The association of acute rhinosinusitis and allergy and atopy has not been clearly defined [37]. (See  Chap. 11 for more details on this subject.) However, first-generation antihistamines have been used in acute rhinosinusitis to combat nasal drainage. This is primarily due to the anticholinergic effect of these drugs, an activity that is mostly absent in second-generation drugs (loratadine, fexofenadine, cetirizine) that are also now available over the counter. First-generation antihistamines may cause overdrying of the nasal mucosa and thus lead to further discomfort limiting their usefulness [15]. On the other hand, antihistamines can be effective in atopic patients due to their antihistamine activity. Antihistamines block the H1 histamine receptor and have been demonstrated to be effective in patients with documented aeroallergen allergies. Basophils and mast cells are stimulated to release histamine by the binding of cell-bound IgE antibodies to the offending aeroallergen protein. Therefore, antihistamines only help the acute sinusitis patient when rhinorrhea, sneezing, nasal congestion, and nasal pruritus are associated with basophil and mast cell release of histamine. A recent Cochrane Review noted that there is no evidence supporting the routine use of antihistamines in the treatment of acute rhinosinusitis in children. For most patients, antihistamines will not significantly alleviate nasal congestion, rhinorrhea, or sneezing in patients with an upper respiratory infection [38]. Therefore, antihistamines should not be used in acute rhinosinusitis unless the patient has documented allergies to aeroallergens that are present during the time of the infection. Further research needs to be conducted [39].

Though commonly utilized, the evidence above suggests that antihistamines should not be used as first-line treatment of acute rhinosinusitis. Not only has no study showed efficacy, but there are also potential side effects. First-generation H1 antihistamines cross the blood-brain barrier and are known to cause sedation. Other side effects of antihistamines include dizziness, dry mouth, a feeling of nervousness, excitability, irritability, blurry vision, and decreased appetite. Table 19.5 provides information on the different generations of antihistamines and some of their common adverse effects. Antihistamines, in general, are not an effective adjunctive therapy for acute rhinosinusitis unless the patient is experiencing concomitant allergy disease. In this circumstance, second-generation (e.g., loratadine, fexofenadine, cetirizine, levocetirizine) or topical antihistamines (e.g., azelastine, olopatadine) should be first considered.
Table 19.5

Antihistamines by generation

Generic name

Trade name

Half-life (±5 h)

Skin test suppression mean (max) days

Adverse effects

First generation (H1)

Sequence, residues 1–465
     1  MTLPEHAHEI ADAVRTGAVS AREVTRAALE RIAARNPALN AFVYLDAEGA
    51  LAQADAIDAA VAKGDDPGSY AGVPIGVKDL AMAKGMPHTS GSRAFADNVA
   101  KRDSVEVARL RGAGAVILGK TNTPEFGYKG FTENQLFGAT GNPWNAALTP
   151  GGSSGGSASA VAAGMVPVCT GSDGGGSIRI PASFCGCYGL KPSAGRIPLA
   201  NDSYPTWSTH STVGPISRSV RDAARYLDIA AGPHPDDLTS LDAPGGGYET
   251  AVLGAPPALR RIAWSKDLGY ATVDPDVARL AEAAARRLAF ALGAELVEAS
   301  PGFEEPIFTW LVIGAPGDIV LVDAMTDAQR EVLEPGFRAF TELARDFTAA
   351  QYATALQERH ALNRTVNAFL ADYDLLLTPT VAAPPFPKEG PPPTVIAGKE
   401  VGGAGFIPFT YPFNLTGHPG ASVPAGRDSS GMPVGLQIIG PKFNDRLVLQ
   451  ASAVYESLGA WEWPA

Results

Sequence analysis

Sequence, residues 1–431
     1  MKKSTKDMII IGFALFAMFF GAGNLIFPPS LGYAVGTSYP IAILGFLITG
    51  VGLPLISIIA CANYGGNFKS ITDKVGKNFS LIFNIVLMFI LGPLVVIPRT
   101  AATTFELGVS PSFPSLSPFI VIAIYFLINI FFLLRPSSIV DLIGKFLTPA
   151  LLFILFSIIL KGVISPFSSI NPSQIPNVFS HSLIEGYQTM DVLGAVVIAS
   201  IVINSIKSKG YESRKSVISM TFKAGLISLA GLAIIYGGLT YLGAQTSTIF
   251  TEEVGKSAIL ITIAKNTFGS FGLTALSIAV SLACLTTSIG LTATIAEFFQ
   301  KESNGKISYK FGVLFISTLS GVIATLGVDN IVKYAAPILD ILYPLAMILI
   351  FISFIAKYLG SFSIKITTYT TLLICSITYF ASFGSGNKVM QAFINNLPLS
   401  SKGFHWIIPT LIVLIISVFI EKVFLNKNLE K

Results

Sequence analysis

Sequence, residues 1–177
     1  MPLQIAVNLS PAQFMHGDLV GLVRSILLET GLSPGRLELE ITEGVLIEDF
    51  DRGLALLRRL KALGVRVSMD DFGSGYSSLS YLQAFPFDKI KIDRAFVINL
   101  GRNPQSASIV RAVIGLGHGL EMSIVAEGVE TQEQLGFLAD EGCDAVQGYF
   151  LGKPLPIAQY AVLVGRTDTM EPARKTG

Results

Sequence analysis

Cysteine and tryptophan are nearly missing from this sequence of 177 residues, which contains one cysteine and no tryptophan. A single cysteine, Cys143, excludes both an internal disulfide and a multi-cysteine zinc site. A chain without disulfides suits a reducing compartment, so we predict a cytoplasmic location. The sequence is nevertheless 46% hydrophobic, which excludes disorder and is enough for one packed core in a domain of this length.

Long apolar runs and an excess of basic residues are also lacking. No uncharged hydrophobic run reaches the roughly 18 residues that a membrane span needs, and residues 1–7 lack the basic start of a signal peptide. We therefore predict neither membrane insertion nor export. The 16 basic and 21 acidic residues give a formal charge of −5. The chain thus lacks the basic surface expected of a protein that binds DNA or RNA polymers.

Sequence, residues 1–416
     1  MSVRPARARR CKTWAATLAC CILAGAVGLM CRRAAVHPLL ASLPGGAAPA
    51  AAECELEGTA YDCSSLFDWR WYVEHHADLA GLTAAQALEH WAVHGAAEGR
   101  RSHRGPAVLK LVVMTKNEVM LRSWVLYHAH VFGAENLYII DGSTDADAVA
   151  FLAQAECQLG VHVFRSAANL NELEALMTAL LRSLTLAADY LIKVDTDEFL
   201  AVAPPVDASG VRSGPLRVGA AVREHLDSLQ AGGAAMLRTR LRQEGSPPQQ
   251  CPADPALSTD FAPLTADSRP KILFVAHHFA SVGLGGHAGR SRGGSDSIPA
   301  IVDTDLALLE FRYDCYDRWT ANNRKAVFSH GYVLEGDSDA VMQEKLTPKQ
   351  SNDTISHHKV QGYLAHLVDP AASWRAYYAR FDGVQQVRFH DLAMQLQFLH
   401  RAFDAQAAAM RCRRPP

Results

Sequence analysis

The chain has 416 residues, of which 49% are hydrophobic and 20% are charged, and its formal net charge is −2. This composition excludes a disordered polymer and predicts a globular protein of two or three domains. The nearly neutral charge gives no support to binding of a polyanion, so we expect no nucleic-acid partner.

Cross the blood-brain barrier




>2 (4)

More common: sedation, dizziness, tinnitus, blurred vision, euphoria, uncoordination, anxiety, increased appetite leading to weight gain, insomnia, tremor, nausea and vomiting, constipation, diarrhea, dry mouth, and dry cough

Infrequent: urinary retention, palpitations, hypotension, headache, hallucination, and psychosis




3 (6)




5 (10)




9 (11)




2 (5)




5 (8)




3 (5)




3 (7)

Second/third generation


More selective for peripheral histamine receptors





Most common: drowsiness, fatigue, headache, nausea, and dry mouth

Azelastine HCl

Astelin Nasal























Olopatadine HCl

Patanase Nasal



Intranasal Corticosteroids

Intranasal corticosteroids are anti-inflammatory agents that reduce inflammation and edema. They have been shown to reduce inflammation of the nasal mucosa, nasal turbinates, and sinus ostia. Intranasal corticosteroids generally do not affect symptoms until after 2–4 days of usage. A recent study demonstrated the effectiveness of mometasone furoate nasal spray in the treatment of acute rhinosinusitis [40]. In this study, the authors evaluated minimal symptom days (defined by less than 4 days with symptom including rhinorrhea, postnasal drip, congestion, and sinus tenderness) while taking mometasone furoate nasal spray 200 μg once daily, versus twice daily, versus treatment with amoxicillin 500 mg three times a day, versus placebo [40]. The study concluded that mometasone furoate nasal spray twice daily significantly decreased symptom days as compared to amoxicillin or placebo in patients with acute rhinosinusitis and can improve outcomes with decreased unnecessary antibiotic use [40]. A previous study found that antibiotics and intranasal corticosteroids, either alone or in combination, were ineffective [41]. However, other studies have suggested that intranasal corticosteroids provide additional benefit in symptoms when used with antibiotics [42, 43, 44, 45, 46, 47, 48].

A Cochrane Review published in 2009 evaluated four randomized controlled trials that included 1,943 patients in total [44, 45, 46, 48]. The review concluded that although the current evidence is limited, it does support the use of intranasal corticosteroids as monotherapy or as adjunctive therapy to antibiotics in acute rhinosinusitis [49]. Although the data for the use of intranasal corticosteroids is somewhat controversial, guidelines still recommended this class of drug as an option in treating acute rhinosinusitis [4, 8, 9, 11, 13]. Intranasal corticosteroids are effective for controlling symptoms including nasal congestion, nasal discharge, pruritus, sneezing, and postnasal drip. There are several intranasal corticosteroids that are available by prescription only (Table 19.6). In comparing oral antihistamines and nasal corticosteroids, the intranasal corticosteroids have shown to provide better overall relief [50].